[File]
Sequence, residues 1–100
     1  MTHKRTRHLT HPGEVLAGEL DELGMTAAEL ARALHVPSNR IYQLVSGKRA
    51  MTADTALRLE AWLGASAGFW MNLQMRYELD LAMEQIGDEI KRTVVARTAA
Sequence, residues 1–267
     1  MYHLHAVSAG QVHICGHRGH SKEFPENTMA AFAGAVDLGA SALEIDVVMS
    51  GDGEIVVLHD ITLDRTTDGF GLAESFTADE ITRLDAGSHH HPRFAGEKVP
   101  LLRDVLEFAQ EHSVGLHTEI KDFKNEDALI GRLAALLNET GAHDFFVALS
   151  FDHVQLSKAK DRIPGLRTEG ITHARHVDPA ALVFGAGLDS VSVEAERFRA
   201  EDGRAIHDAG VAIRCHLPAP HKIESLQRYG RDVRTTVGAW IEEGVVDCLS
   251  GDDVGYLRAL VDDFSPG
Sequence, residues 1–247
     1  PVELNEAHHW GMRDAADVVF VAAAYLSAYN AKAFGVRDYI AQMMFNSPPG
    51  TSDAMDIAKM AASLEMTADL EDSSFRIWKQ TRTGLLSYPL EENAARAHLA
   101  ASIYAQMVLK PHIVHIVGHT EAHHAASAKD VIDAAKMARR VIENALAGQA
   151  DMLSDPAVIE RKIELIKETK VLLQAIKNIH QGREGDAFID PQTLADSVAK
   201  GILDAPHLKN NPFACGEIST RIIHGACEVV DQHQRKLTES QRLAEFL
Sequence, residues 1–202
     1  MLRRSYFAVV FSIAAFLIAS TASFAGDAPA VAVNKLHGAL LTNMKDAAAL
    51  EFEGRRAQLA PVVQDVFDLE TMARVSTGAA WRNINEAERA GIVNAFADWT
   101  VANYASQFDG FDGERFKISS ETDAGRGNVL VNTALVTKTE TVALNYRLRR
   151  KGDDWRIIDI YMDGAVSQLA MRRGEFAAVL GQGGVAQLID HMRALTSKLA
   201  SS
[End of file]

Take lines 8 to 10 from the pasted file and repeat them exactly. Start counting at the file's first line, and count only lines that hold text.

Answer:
   151  FDHVQLSKAK DRIPGLRTEG ITHARHVDPA ALVFGAGLDS VSVEAERFRA
   201  EDGRAIHDAG VAIRCHLPAP HKIESLQRYG RDVRTTVGAW IEEGVVDCLS
   251  GDDVGYLRAL VDDFSPG